Local scripts with ESI enabled

With ESI enabled, we can use the same approach as for loading CSS, i.e. inlining the script reference in the transcluded content, like this:

<esi:include src="/shopping-cart/component">

…which after inclusion becomes:

<link rel="stylesheet" href="/shopping-cart/component/style-[hash].css">
<script src="/shopping-cart/component/script-[hash].js"></script>
<!-- shopping cart content here -->

Note that the page rendering now blocks and this point in the code until the script downloaded and executed. If you only include one script reference in the transcluded content, you can

The async and defer attributes are relatively well supported by the browsers. For more details, see Deep dive into the murky waters of script loading.


In the beginning of the product development, include stylesheets references in the CSI responses. The services should expose a JavaScript file that in turns calls a script loader. The consumers should reference that JavaScript file at the bottom of each page.

When ESI is part of the infrastructure, remove the references to the JavaScript script loader and inline the scripts with the transcluded content. Note that this operation crosses two service boundaries, so it either needs to be coordinated or the scripts need to be able to detect if they have already been loaded (and then do nothing).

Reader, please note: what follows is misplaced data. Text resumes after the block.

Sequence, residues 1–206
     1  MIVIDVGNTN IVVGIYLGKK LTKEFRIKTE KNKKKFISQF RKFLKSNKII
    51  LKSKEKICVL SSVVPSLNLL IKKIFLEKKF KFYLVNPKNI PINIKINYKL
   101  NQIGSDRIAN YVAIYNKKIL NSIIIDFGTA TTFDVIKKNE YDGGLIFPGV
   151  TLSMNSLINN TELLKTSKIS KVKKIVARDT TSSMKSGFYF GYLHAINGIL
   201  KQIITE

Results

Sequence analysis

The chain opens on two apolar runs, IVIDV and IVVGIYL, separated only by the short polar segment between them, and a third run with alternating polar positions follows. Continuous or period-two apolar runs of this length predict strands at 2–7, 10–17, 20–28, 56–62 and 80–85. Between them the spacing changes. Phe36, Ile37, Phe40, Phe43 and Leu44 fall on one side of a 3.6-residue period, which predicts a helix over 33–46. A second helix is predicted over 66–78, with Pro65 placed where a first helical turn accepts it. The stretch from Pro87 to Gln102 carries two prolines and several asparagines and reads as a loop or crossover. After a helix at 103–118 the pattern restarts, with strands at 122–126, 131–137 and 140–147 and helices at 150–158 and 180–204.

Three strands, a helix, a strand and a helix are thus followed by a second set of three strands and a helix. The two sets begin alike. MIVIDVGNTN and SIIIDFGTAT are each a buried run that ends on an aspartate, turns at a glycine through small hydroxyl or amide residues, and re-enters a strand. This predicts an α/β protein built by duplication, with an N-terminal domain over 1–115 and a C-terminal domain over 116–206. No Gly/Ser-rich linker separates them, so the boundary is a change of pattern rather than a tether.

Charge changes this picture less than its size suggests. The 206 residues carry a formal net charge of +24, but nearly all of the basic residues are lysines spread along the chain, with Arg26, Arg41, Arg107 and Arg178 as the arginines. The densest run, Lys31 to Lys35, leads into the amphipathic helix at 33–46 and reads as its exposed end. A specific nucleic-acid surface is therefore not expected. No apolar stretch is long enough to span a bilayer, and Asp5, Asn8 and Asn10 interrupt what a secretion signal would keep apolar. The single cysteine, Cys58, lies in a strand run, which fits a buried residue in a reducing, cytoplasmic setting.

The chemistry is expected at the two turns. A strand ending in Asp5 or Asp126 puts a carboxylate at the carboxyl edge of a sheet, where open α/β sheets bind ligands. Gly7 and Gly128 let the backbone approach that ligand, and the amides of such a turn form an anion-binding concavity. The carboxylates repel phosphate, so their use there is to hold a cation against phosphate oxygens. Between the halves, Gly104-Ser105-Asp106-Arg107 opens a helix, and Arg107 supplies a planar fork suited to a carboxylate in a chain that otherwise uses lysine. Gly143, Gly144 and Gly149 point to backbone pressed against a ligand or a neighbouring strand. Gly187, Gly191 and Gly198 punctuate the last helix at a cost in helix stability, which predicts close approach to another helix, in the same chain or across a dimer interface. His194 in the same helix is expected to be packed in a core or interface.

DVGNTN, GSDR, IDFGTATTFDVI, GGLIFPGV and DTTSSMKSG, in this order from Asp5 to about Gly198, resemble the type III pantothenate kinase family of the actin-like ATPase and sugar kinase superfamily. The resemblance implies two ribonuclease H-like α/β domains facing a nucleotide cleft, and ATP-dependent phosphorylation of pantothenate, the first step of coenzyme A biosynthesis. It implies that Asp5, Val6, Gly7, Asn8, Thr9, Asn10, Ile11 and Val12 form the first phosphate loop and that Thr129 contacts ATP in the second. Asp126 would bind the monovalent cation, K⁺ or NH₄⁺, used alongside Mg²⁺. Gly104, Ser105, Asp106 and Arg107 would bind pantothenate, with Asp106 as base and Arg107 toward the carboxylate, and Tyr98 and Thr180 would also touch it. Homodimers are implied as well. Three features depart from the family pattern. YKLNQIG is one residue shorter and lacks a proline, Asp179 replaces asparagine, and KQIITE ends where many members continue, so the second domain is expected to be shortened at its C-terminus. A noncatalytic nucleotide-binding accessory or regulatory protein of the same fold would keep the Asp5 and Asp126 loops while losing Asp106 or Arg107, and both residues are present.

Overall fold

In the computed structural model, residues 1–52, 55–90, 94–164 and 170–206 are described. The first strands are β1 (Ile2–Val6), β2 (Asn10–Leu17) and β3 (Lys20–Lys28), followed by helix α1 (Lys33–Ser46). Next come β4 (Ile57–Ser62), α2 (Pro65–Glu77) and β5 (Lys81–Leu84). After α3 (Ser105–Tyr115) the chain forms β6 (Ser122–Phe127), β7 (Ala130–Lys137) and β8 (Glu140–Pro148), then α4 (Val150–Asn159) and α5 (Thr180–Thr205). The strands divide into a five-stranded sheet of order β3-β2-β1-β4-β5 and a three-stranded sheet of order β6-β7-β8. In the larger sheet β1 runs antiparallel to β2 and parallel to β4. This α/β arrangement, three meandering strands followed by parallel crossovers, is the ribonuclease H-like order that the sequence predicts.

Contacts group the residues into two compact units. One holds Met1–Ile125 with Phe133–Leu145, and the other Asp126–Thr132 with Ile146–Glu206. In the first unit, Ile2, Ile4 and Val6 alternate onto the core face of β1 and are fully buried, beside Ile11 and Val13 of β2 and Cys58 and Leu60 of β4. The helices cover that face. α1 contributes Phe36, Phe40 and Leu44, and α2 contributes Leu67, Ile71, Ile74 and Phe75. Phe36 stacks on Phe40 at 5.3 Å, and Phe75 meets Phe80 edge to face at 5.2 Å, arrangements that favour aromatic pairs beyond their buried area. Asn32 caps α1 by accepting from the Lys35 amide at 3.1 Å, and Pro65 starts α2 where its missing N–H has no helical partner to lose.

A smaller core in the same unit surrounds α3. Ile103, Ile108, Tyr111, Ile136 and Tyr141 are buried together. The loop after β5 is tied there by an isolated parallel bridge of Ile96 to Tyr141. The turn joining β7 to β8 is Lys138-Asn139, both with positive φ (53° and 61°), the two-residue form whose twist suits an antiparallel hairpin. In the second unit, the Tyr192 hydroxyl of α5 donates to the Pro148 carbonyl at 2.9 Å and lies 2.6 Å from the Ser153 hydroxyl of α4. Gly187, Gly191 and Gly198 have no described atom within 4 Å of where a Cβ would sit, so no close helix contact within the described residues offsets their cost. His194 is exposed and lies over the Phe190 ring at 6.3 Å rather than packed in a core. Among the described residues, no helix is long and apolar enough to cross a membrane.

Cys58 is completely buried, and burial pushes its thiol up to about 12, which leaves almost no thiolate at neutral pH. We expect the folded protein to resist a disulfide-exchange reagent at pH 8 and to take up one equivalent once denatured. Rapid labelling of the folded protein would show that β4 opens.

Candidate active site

Server driven partial updates

Going back to our retail example, we now know how to expose a shopping cart component service, possibly with CSS and JavaScript references. We also know how to use this shopping cart component service from the consumer side. But what we haven’t covered yet is how to do a partial update of the shopping cart when the user adds products to it.

First, let’s make sure users without JavaScript get an updated shopping cart when they add products to it. Each product item in the list of products contains a form with a button:

<form method="POST" action="/shopping-cart/add" class="hijack">
  <input type="hidden" name="product-id" value="123"> 
  <button type="submit">Add to shopping cart</button>

In the shopping-cart/add resource, we then redirect to the value of the Referer header, or the shopping cart itself if the header value is not set. In node/express, this could look like this:

res.redirect(req.header('Referer') || '/shopping-cart');

For users with JavaScript enabled, we want to “hijack” the form submit and replace the default browser behavior with custom behavior, namely to refresh the shopping cart on a successful AJAX form submission. We do this with jQuery:

$(document).on('submit', 'form.hijack', function(event) {

    var $form = $(event.target);

      url: $form.attr('action'),
      type: $form.attr('method'),
      data: $form.serialize(),
      success: function(response) {
         var shoppingCart = $('shopping-cart')[0];
         shoppingCart && shoppingCart.refresh(); // Refresh the h-include element

For small sites, this can be enough. But for larger sites, this type of code will introduce coupling, since we now have JavaScript code that introduces coupling between the ‘add to shopping cart’ forms and the shopping cart itself. How can we remove this coupling?